Smog: What it is and why it's a problem

If you’ve ever traveled to a developing country (or lived in a place like the United States a few decades ago), there’s a good chance that you’ve seen haze hanging around buildings and muddying up the horizon. While this may look like clouds, what you see is actually a form of air pollution, known as smog. 


Unfortunately, smog is becoming more and more common in many parts of the world, including in countries supposedly leading the transition to renewable energy. As smog can have a severe impact on human health, this is dangerous.  

Where smog comes from 

The term “smog” first originated in the 1900s to describe the combination of smoke and fog. During that time, smog was common in many cities worldwide, including places like London, New York City, and Cleveland. Today, most people associate smog with countries like China, India, Mexico, and Brazil, while many wealthy countries have reduced smog levels. 


Most of the smog we see is photochemical. It’s visible because sunlight mixes with nitrogen oxides and one or more volatile organic compounds. Coal power plants, factories, and car exhaust release nitrogen oxides, while paints, cleaning solvents, and gasoline release VOCs. 


Today, many countries like the United States have laws to control how much smog gets pumped into the atmosphere. However, corporations often ignore these laws or relocate to regions that don’t have them.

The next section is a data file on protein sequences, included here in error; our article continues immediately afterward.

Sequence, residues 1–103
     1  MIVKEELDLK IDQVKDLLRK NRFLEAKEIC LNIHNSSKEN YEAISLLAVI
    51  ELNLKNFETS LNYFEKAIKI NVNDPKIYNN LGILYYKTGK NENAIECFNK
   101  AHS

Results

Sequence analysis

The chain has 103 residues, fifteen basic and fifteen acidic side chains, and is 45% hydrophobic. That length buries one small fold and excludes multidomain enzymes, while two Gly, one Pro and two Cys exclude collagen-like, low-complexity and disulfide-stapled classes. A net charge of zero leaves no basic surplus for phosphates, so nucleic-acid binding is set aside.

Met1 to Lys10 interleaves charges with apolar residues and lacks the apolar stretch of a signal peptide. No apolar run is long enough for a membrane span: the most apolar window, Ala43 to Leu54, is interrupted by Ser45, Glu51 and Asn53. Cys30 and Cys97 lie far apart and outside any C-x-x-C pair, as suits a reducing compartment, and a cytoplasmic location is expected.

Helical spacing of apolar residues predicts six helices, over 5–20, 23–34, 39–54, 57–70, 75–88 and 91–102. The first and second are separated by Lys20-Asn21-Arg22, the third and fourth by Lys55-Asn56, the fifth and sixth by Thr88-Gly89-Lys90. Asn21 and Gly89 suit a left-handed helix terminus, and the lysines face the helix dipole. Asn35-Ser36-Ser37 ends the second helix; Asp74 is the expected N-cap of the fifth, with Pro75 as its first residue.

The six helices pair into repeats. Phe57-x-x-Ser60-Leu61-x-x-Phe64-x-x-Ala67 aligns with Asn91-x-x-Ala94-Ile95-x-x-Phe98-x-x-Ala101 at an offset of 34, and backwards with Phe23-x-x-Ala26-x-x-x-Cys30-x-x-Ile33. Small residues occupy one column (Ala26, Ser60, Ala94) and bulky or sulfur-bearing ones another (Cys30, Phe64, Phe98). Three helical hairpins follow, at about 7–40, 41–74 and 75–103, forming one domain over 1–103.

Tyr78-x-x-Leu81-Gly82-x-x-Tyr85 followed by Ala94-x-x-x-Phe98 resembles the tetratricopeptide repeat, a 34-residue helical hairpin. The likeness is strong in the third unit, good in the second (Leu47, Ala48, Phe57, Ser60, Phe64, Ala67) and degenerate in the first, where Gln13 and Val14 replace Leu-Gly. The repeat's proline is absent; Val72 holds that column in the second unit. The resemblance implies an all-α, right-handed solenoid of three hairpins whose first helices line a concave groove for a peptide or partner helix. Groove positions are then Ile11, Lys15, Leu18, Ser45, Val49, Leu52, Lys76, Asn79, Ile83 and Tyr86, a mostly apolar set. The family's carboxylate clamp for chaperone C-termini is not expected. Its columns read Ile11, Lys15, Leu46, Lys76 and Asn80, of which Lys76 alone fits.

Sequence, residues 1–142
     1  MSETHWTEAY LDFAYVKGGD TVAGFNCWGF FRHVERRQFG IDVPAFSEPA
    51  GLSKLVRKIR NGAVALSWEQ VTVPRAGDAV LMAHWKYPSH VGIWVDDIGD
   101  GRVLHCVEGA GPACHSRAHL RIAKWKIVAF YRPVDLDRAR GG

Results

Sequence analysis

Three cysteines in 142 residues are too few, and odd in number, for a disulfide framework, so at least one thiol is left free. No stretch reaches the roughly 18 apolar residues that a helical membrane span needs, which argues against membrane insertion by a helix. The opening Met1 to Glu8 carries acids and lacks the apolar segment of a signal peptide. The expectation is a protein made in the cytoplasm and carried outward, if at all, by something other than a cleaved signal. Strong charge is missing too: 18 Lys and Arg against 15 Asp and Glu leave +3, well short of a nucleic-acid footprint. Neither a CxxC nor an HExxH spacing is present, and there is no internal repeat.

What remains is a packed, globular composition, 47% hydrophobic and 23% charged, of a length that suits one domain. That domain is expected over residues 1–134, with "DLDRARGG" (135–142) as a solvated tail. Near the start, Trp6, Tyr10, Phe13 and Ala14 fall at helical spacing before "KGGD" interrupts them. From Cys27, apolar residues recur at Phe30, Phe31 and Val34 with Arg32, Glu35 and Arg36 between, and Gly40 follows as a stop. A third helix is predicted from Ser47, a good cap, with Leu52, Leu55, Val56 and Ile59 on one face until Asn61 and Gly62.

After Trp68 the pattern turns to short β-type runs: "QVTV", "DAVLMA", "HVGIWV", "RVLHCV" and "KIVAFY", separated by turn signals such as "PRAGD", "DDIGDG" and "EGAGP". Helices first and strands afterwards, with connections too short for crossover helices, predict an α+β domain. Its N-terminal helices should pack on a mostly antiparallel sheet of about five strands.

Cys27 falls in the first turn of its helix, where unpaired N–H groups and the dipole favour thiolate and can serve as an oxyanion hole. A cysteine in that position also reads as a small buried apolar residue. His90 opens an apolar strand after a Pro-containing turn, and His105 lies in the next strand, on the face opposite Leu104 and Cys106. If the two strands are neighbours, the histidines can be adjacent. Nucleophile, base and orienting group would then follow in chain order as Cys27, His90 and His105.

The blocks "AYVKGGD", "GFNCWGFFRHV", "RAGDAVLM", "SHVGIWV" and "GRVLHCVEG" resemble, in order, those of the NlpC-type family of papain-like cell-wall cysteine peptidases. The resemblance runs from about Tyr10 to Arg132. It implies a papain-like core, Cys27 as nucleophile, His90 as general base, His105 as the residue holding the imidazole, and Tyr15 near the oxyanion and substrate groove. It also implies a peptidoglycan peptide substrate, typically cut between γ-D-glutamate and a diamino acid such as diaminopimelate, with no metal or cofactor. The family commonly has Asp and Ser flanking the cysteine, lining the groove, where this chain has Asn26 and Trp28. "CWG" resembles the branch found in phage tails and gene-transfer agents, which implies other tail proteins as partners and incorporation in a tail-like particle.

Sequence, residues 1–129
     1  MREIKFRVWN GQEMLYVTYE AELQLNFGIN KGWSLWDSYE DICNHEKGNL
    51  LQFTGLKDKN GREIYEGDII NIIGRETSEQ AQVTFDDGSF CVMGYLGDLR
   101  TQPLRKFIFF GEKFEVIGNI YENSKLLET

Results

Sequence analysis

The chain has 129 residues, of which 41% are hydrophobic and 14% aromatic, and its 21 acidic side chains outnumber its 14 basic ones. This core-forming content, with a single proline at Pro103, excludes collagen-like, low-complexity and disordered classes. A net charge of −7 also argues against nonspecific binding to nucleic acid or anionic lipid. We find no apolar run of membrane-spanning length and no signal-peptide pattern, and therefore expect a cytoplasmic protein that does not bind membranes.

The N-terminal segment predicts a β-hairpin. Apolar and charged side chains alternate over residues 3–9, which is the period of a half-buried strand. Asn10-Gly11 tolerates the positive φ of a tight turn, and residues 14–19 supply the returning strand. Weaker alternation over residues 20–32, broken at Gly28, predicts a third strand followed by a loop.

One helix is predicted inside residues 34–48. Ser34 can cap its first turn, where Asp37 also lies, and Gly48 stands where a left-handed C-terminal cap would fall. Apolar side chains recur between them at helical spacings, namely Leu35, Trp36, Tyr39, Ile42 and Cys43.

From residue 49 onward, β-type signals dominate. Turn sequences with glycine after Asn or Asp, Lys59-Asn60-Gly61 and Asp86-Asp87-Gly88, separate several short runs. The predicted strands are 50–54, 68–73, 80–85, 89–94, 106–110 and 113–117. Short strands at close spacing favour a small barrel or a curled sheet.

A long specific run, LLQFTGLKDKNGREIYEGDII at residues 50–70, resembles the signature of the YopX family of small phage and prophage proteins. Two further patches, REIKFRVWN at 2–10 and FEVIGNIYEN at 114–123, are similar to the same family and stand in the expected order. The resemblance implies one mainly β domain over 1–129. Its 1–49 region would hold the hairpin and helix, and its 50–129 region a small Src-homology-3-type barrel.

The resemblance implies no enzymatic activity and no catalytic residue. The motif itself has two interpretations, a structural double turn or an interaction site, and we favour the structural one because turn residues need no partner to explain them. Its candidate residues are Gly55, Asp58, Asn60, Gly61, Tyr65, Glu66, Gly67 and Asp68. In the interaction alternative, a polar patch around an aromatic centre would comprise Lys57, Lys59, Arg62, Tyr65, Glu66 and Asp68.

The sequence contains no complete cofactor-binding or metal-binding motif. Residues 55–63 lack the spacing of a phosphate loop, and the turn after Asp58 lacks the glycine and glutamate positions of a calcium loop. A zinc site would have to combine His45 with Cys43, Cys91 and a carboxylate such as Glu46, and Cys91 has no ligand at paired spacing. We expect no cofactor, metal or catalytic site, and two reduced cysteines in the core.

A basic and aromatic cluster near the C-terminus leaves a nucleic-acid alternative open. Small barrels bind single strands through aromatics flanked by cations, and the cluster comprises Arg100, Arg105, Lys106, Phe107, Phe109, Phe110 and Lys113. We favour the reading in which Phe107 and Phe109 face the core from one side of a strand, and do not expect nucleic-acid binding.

How smog impacts health

Continual exposure to high levels of smog can lead to many different health problems. As it often gets breathed in, smog can cause lung damage. For people with asthma and other sensitive groups, smog can even require a trip to the hospital. In extreme cases, high levels of it can lead to premature death.


In addition to damaging your lungs, smog can also harm your eyes and nose. Most people start to feel irritation in these areas on smoggy days, and often the only relief is to avoid going outside.


Like humans, animals and plants also don’t respond well to smog. Pets like cats and dogs experience many of the same symptoms as humans, while plants can struggle to grow and may even die.

Steps you can take to stay safe 

While a lot of smog comes from corporations and factories, many people collectively contribute to pollution levels without realizing it. By taking a few simple steps, you can help reduce your emissions while also staying safe. 


If you live in a busy city, make a point to avoid driving as much as possible. Whether you walk, ride a bike, or ride public transportation, not using a personal car helps keep the air clean. 


If your home has a yard, you should also make a point to avoid using gas-powered machinery. Electric lawnmowers, weed whackers, and other appliances are all much better for the environment.


Finally, if smog levels are particularly nasty one day, try your best to avoid going outside. Smog can still find its way into your home, but provided that you keep your windows and outside doors closed, you can help limit its pervasiveness. If you do have to go outside, make sure to wear an N95 mask with PM 2.5 filters. 

Fight for change 

As with ecological damage in general, individuals often aren’t the real culprits—businesses, governments, and industry are. However, being aware of your environmental footprint is essential.


Remember—in addition to taking stock of your own life and actions, always demand better from those in power. Shop sustainability, and don’t be afraid to contact your representatives and urge them to take action.

Through collective power, we can help combat smog and other environmental issues.

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